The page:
With all of media hype regarding healthcare reform, the perils of socialized medicine and the pending legislation in the House being such a hot topic, I decided to break out some of my old blogs describing my trip through the healthcare and welfare system. After finding myself with health issues, I wrote an eight part series that described the process I was forced to navigate and endure. I have been there and done that. I’m hopeful that somebody might find some of the information and experiences helpful in their quest for answers or search for assistance.
Tuesday, September 2, 2008: Get In Line!
Believe it or not, my application for Social Security Disability was approved on the first attempt. Hearing loss is a “scheduled” injury/disability. I am also thankful that the “do nothing” Congress extended my unemployment benefits by 13 weeks. I am still waiting for the Industrial Commission to make a ruling on my workers’ compensation claim. My hearing was back in the middle of May. It was a shocking surprise that the Federal Government was more efficient than the State of Arizona.
I made my quarterly visit to the Department of Economic Security after casting my vote in my state’s primary election this morning. Unfortunately, I did not see my name on the ballot for the constable’s position. I tried to get an appointment to that position earlier this year.
The waiting room at the DES was like the zoo. It was crowded and the line was long. I ended up waiting over 90 minutes. During my wait, I made numerous observations. The first thing I noticed is that just about everybody that came in behind me couldn’t tell where the end of the line was. These maggot-like creatures thought they were so “entitled” that they could simply bypass the line and go straight to the counter. They were SO WRONG! I got to sit next to this elderly Mexican lady. We spoke for a while and we talked about some of the stupid people in the waiting room. As it turned out she doesn’t like line jumpers, Negroes or race mixers.
I also was surprised that a lot of unemployed people with no ambition were so busy that they didn’t have enough free time to wait. About half of the people that entered, walked out shortly after arriving. Making wasted trips perhaps is their norm.
After sitting there for an hour, this neatly dressed negroid sporting a black stocking on his head with his casual looking “wigger” buddy walked in the door. After checking the room out and with some help from everybody in front, they eventually found the end of the line. The obviously confused hip-hoppity white kid, with his cap on sideways, walked with this pronounced staggering bounce in his step and swung his arms around like an ape or baboon. This dynamic duo stood in line for less than five minutes before they were on the verge of “chimping out“. They both left the building.
A filthy smelly homeless looking colored guy walked in and tried to jump the line in front of me. I routed his foulness to the back of the line. I regret not bringing a camera as these all were “Kodak moments“. One of the biggest attention getters of all was this older white woman with this little mixed-race kid with messed up hair that reminded me of Buckwheat from the old children‘s show “Our Gang” (“Little Rascals“). Almost everybody in the waiting room gave her dirty looks. I said out loud, ”I should have brought a camera.” and everybody around me laughed.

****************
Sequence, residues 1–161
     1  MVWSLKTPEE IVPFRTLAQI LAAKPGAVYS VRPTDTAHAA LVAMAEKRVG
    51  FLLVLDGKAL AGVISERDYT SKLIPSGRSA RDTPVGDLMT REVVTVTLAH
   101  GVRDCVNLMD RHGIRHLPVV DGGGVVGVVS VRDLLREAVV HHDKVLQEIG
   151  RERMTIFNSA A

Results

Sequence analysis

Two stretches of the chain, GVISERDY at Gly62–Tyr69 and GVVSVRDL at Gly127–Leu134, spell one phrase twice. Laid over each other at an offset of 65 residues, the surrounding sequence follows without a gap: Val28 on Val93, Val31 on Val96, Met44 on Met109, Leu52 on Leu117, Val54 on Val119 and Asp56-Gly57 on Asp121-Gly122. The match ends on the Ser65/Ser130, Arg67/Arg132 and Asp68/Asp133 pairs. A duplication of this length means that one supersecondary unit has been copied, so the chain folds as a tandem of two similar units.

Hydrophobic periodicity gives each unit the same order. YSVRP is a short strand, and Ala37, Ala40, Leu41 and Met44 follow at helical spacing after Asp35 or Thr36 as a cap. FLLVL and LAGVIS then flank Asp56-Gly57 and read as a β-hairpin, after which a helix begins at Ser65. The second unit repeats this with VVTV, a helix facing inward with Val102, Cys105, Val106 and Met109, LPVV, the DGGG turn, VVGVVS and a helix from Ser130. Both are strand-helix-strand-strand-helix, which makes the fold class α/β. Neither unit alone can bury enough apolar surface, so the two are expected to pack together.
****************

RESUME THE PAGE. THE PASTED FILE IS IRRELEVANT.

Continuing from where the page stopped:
When I go to the DES or any public facility, I carry a metal clipboard, wear nice pants and a dress shirt. I make sure that I stand out and get noticed. I act professionally most of the time unless my sense of humor gets the best of me.
I will be looking forward to my next trip to the DES in mid-December. I will bring a camera and pack a lunch.
I have been spared having to make return trips to the DES office in Casa Grande. This saves me 60 miles worth of gasoline. My future appointments were scheduled to take place at a local church in Maricopa. That means no more screaming babies, bad kids and smelly people. That practice was finally discontinued in May 2009, due to budget cuts. My interviews are now done over the phone and I fax copies of my utility bills to their office. I don’t have to look at the “hags” anymore.
In July 2009, my AHCCCS benefits were briefly reinstated for a period of two weeks. During that time, I spent four days in the ICU at the Casa Grande Regional Medical Center. Earlier in the year my AHCCCS doctor gave me a prescription being unaware that I had an ulcer. Over the months, I was slowly losing blood. By the time I made it to the ER, I was three pints low.
Because insurance companies are too cheap to pay for tests, your doctor could unknowingly kill you. Imagine slowly dying for four months and not even know it. This is what rationed heathcare is all about. I learned this from experience.
Those shifty-eyed career politicians in Washington D.C. with their “gold-plated” health plans never have to worry about this. Hopefully, in time these “non-representatives” will begin to fear angry voters when they take to the streets.
Although my ambulance ride and hospital stay was supposed to be covered, the ER doctor kept sending me a huge bill. After three months, the billing department finally got the message that I was angry and they quit sending them. Despite my hostile, descriptive and borderline threatening emails, they never called the police. I even sent them my little essay, “My Take on Insurance Companies”.
The people that work for these monsters deserve to be scared to go to work. Regardless of salary, I could never work for an insurance company. I think the guards at the WWII concentration camps were kinder and more humane than these bureaucratic beasts.
I would sooner invite Joseph “The Butcher” Mengele over for coffee before I would give the time of day to the CEO of any insurance company.
"To see what is in front of one's nose requires constant struggle." -- George Orwell